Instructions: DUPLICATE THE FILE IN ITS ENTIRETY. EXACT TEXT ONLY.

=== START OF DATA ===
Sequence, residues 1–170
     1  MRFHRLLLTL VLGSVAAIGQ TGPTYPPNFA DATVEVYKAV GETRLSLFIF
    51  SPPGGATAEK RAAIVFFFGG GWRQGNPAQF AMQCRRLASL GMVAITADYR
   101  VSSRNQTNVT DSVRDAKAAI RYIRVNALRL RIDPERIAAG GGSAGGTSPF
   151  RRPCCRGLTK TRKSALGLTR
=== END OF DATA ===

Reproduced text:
Sequence, residues 1–170
     1  MRFHRLLLTL VLGSVAAIGQ TGPTYPPNFA DATVEVYKAV GETRLSLFIF
    51  SPPGGATAEK RAAIVFFFGG GWRQGNPAQF AMQCRRLASL GMVAITADYR
   101  VSSRNQTNVT DSVRDAKAAI RYIRVNALRL RIDPERIAAG GGSAGGTSPF
   151  RRPCCRGLTK TRKSALGLTR